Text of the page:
This movie is based on a book by Felix Salten.
Felix Salten Version
Bambi, a Life in the Woods (German title: Bambi: Eine Lebensgeschichte aus dem Walde) is a 1923 Austrian coming-of-age novel written by Felix Salten and originally published in Berlin by Ullstein Verlag. The novel traces the life of Bambi, a male roe deer, from his birth through childhood, the loss of his mother, the finding of a mate, the lessons he learns from his father, and the experience he gains about the dangers posed by human hunters in the forest. An English translation by Whittaker Chambers was published in North America by Simon & Schuster in 1928, and the novel has since been translated and published in over 30 languages around the world. Salten published a sequel, Bambi's Children, in 1939. The novel was well received by critics and is considered a classic, as well as one of the first environmental novels. It was adapted into a theatrical animated film, Bambi, by Walt Disney Productions in 1942, two Russian live-action adaptations in 1985 and 1986, a ballet in 1987, and a stage production in 1998. Another ballet adaptation was created by an Oregon troupe, but never premiered. Janet Schulman published a children's picture book adaptation in 2000 that featured realistic oil paintings and many of Salten's original words.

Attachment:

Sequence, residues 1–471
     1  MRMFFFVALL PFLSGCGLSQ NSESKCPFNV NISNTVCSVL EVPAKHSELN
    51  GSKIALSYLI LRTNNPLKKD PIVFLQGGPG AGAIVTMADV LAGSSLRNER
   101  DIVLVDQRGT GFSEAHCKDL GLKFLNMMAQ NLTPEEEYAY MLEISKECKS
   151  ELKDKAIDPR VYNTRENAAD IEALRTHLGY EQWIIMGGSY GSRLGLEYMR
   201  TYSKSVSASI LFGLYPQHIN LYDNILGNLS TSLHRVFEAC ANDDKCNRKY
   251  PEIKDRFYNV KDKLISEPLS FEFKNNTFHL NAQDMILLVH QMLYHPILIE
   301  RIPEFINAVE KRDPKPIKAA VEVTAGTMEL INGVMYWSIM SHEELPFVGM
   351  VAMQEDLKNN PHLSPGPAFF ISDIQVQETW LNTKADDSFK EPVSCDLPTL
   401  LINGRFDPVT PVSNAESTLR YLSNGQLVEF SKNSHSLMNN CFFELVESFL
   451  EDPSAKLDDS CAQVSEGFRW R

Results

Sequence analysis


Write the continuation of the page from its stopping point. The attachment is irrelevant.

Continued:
Bambi is a roe deer fawn born in a thicket in late spring one year. Over the course of the summer, his mother teaches him about the various inhabitants of the forest and the ways deer live. When she feels he is old enough, she takes him to the meadow, which he learns is both a wonderful but also dangerous place as it leaves the deer exposed and in the open. After some initial fear over his mother's caution, Bambi enjoys the experience. On a subsequent trip Bambi meets his Aunt Ena and her twin fawns Faline and Gobo. They quickly become friends and share what they have learned about the forest. While they are playing, they encounter princes, male deer, for the first time. After the stags leave, the fawns learn that those were their fathers, but that the fathers rarely stay with or speak to the females and young.
As Bambi grows older, his mother begins to leave him alone. While searching for her one day, Bambi has his first encounter with "He" - the animals' term for humans - which terrifies him. The man raises a firearm and aims at him; Bambi flees at top speed, joined by his mother. After he is scolded by a stag for crying for his mother, Bambi gets used to being alone at times. He later learns the stag is called the "Old Prince", the oldest and largest stag in the forest, who is known for his cunning and aloof nature. During the winter, Bambi meets Marena, a young doe, Nettla, an old doe who no longer bears young, and two princes, Ronno and Karus. Mid-winter, hunters enter the forest, killing many animals including Bambi's mother. Gobo also disappears and is presumed dead.